It’s a paradox, the new 911 Carrera T – as in Touring – is part of Porsche’s latest push to deliver some “purist” models for the diehard fans, but at the same time it trumps the base model with a better equipment selection.
The 911 T starts its life as the base Carrera, but without rear seats and infotainment system – Porsche does give customers the option to add them back free of charge. They also got rid of some of the sound insulation, and along with other weight-saving measures, the new 911 Carrera Touring is 20 kilograms (44 pounds) below the threshold of the standard Carrera and will tip the scales at 1,425 kg (3,142 lbs). While lighter, the T does add additional equipment, such as the Porsche Active Suspension Management (PASM) to lower the car by 20 millimeters, a “weight-optimized” Sport Chrono Package and a short-throw shift lever to match the shorter transmission ratios of the manual gearbox – and there’s even optional rear-axle steering.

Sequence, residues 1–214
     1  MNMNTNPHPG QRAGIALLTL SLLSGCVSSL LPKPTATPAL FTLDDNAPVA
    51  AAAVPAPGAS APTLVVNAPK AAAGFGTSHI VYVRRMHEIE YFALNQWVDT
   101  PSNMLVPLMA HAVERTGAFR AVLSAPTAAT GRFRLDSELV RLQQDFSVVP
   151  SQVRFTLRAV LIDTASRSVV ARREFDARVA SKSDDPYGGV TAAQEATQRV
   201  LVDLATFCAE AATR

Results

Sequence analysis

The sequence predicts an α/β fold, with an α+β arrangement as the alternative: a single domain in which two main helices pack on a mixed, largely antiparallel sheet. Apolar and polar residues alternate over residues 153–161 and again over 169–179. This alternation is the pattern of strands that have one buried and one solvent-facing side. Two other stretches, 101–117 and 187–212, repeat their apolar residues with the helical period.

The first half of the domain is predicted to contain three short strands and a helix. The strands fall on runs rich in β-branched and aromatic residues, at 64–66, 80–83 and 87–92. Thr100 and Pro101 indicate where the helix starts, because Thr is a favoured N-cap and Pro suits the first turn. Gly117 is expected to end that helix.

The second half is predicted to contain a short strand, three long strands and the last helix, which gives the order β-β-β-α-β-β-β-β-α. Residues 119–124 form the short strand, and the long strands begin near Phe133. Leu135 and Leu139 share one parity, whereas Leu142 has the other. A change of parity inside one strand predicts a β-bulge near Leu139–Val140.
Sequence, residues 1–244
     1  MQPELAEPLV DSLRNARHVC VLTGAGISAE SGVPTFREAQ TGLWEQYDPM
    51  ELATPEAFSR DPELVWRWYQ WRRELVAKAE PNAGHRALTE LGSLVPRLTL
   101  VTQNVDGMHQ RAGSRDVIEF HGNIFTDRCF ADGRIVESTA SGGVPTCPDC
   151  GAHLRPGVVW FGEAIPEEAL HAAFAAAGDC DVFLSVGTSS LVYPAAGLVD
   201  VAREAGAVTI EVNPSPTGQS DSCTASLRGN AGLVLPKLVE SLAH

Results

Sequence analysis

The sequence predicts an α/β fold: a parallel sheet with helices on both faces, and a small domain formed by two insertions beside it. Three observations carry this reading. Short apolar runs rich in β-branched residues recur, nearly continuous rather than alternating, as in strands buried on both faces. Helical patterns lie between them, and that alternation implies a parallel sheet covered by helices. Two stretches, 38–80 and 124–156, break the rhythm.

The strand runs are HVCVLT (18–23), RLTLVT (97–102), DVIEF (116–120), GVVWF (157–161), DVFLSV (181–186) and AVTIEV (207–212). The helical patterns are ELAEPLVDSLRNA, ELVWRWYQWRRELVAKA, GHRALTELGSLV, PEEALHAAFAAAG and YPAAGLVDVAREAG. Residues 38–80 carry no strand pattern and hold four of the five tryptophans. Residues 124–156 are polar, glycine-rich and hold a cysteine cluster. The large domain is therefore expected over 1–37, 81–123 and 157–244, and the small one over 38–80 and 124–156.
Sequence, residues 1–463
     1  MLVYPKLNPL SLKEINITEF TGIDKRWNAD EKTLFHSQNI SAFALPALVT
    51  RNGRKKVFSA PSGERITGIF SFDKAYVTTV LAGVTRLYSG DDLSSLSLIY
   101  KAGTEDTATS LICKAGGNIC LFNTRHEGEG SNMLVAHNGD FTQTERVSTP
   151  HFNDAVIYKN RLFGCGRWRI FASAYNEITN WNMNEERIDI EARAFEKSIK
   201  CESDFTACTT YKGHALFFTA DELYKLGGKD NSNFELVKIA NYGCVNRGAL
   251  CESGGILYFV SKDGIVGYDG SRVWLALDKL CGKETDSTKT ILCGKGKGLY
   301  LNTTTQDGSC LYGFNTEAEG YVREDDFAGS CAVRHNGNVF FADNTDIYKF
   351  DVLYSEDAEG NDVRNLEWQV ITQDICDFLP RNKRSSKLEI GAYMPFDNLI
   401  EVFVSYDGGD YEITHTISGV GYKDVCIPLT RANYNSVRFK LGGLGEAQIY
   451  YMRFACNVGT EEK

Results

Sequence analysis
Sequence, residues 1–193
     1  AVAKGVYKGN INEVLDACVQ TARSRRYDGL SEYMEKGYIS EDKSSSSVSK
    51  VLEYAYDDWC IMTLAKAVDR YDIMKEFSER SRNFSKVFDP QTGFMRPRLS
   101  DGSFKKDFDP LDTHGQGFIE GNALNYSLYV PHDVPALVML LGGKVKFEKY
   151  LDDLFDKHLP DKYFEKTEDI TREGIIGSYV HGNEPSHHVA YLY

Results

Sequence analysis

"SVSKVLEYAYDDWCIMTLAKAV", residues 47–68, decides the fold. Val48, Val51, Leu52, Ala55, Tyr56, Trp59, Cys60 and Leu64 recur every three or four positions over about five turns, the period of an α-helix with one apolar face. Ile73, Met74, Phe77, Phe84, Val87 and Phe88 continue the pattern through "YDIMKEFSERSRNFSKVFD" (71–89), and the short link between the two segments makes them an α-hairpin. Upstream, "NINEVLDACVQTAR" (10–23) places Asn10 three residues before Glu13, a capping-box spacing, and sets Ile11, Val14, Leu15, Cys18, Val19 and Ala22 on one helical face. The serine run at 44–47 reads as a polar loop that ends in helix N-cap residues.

The 911 Carrera T does make use of the same biturbo flat-six 3.0-liter engine good for 370 horsepower (272 kilowatts) and 450 Newton-meters of torque, but comes with better power-to-weight ratio and improved acceleration via the shorter rear axle ratio and mechanical differential lock. It will sprint to 62 mph (100 kph) in 4.5 seconds, which is a tenth of a second quicker, then tower to 124 mph (200 kph) in 15.1 seconds and reach up to 180 mph (290 kph). Porsche does offer the PDK option, which brings acceleration times down to 4.2 seconds and 14.5 seconds, respectively.
New design cues include 20-inch wheels snatched from the Carrera S, new aero front spoiler lip and grey metallic side mirror caps, model-exclusive logos and black tailpipes for the standard sports exhaust system, along with slats in the rear lid grille. Inside the cabin you’ll feel spartan noticing the missing Porsche Communication Management (PCM), but there are still four-way electrically adjustable sports seats with a Sport-Tex fabric and optional full bucket seats. Cost wise, the 911 Carrera T costs €107,553 in Germany and $102,100 (excluding $1,050 fees) in the United States.